In an accompanying editorial, Joseph Ladapo, MD, PhD (New York University School of Medicine and University of California, Los Angeles), and Judith Prochaska, PhD (Stanford University, CA), also address the financial elephant in the room. By their calculation, the estimated number needed to treat is 17, meaning the cost would be $28,050 to result in one additional long-term quitter. “One has to wonder who will be willing to pay for this initiative,” they write. “Even in the worksite setting, where the return on investment may be realized, adoption of financial incentives has been limited.”  

Etter believes the money should come from cigarette taxes, which he estimated make up between 60-80% of the cost of a pack of cigarettes in Switzerland.

For Ladapo and Prochaska, there are other unknowns, such as how large the financial incentives need to be to change behavior, whether individuals should be paid cash or given certificates (which were given in this study to a grocery store that does not sell tobacco products), and what level of behavior change deserves to be rewarded. It is also unknown if this approach would work for smokers unmotivated to quit.

“Future work should aim to bridge critical knowledge gaps concerning incentive design and delivery, and ultimately, inform the comparative effectiveness of financial incentives relative to other clinical and behavioral approaches to treating nicotine addiction,” they conclude.

Compensating for Lost Value

There are a multitude of other patient behaviors that cardiologists would typically like to modify, including medication adherence, making and keeping appointments with primary care physicians, diet, and exercise, Kern said. The possibility that financial incentives could be used to change these habits for the better is a question worth asking, he suggested.

It would have to be a compelling sum, however, Kern believes. “They are not going to change their behavior like smoking or exercise or diet for $50 or $100. It’s just not enough,” he said. “You need to compensate for the loss of a valued activity like eating or smoking, and the compensation needs to be at a level of what they lose, because they value this activity even if it’s unhealthy.”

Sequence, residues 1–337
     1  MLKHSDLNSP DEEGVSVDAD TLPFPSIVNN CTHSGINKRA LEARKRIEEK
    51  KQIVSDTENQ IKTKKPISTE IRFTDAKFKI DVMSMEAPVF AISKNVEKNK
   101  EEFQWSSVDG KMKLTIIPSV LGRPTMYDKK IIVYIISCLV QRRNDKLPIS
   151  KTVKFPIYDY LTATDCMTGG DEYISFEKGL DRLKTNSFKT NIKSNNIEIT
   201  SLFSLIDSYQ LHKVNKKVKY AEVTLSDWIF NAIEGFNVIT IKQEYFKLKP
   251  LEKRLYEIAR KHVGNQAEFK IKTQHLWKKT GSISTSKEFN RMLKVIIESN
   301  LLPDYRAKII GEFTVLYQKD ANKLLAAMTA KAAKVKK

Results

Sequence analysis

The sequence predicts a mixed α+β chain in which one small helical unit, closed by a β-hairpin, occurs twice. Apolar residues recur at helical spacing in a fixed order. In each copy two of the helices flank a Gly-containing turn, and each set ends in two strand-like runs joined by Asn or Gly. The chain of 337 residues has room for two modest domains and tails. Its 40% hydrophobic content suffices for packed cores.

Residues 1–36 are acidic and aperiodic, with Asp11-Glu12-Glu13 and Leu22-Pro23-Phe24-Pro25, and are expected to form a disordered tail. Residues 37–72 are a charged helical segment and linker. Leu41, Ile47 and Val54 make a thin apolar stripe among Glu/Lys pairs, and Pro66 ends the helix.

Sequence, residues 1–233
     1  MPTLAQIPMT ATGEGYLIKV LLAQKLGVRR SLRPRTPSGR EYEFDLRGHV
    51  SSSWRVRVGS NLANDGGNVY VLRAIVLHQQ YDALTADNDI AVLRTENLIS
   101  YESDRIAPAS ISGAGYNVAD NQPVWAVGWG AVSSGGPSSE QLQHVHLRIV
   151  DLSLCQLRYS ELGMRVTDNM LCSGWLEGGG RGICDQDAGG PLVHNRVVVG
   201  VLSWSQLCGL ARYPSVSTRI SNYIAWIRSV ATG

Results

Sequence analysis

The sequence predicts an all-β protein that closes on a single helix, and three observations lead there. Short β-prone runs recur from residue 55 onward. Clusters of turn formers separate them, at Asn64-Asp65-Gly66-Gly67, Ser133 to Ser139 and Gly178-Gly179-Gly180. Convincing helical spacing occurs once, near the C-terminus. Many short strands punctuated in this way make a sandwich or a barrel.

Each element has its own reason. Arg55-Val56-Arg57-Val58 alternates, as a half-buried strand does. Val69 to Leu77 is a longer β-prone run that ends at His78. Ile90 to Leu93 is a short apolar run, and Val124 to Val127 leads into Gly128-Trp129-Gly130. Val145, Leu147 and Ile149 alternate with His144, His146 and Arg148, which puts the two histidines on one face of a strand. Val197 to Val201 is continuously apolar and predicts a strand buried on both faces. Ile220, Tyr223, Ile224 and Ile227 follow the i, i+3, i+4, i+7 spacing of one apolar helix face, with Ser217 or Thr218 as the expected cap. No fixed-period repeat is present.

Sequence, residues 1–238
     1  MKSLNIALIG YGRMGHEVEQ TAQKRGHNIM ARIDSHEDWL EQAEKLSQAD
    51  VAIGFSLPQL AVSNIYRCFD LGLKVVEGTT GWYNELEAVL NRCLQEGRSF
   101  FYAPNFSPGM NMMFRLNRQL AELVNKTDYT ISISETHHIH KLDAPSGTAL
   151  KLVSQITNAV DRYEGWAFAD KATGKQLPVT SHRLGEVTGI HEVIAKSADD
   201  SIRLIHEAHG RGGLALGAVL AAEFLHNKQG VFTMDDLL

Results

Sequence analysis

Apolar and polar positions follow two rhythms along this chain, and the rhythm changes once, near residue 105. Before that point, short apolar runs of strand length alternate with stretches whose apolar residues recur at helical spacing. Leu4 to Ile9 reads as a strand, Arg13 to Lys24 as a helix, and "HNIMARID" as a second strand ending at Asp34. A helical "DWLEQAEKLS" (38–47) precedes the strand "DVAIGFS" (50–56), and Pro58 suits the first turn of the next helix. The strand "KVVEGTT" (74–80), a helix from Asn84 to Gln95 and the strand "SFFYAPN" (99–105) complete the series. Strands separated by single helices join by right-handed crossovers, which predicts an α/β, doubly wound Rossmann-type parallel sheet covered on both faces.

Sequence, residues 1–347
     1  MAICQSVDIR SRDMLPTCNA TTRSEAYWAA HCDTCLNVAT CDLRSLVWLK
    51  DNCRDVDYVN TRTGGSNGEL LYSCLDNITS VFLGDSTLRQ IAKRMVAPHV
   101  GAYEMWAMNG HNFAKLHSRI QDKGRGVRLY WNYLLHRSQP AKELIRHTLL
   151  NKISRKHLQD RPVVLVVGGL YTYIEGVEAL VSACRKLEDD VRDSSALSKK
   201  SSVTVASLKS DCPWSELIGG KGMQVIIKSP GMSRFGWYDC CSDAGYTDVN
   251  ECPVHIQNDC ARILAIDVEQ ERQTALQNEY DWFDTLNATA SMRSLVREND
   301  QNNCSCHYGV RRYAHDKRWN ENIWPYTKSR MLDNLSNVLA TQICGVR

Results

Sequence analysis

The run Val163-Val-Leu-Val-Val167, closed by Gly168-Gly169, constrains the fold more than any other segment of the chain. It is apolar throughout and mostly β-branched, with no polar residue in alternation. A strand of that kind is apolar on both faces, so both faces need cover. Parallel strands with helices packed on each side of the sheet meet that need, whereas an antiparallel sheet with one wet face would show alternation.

For now, findings like this are simply “food for thought,” Kern said. “Cardiologists will look at it and say, ‘How interesting. Human behavior is influenced by money.’” But this should come as no surprise because physician behavior is influenced by reimbursement, he continued. “You pay us to do something, we do it. [If] you don’t pay us to do something, we’d have to think about it.”



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  • Etter J-F, Schmid F. Effects of large financial incentives for long-term smoking cessation: a randomized trial. J Am Coll Cardiol. 2016;68:777-785.

  • Ladapo JA, Prochaska JJ. Paying smokers to quit: Does it work? Should we do it? J Am Coll Cardiol. 2016;68:786-788.

  • The study was funded by the Swiss Tobacco Prevention Fund.
  • Etter reports receiving a salary from the University of Geneva.
  • Schmid and Kern report no relevant conflicts of interest.
  • Ladapo reports receiving support from a Career Development Award from the National Heart, Lung, and Blood Institute and by the Robert Wood Johnson Foundation.
  • Prochaska reports receiving grant support from the National Heart, Lung, and Blood Institute; serving as an expert witness against tobacco companies in lawsuits; and consulting for to Pfizer, which makes medications for quitting smoking.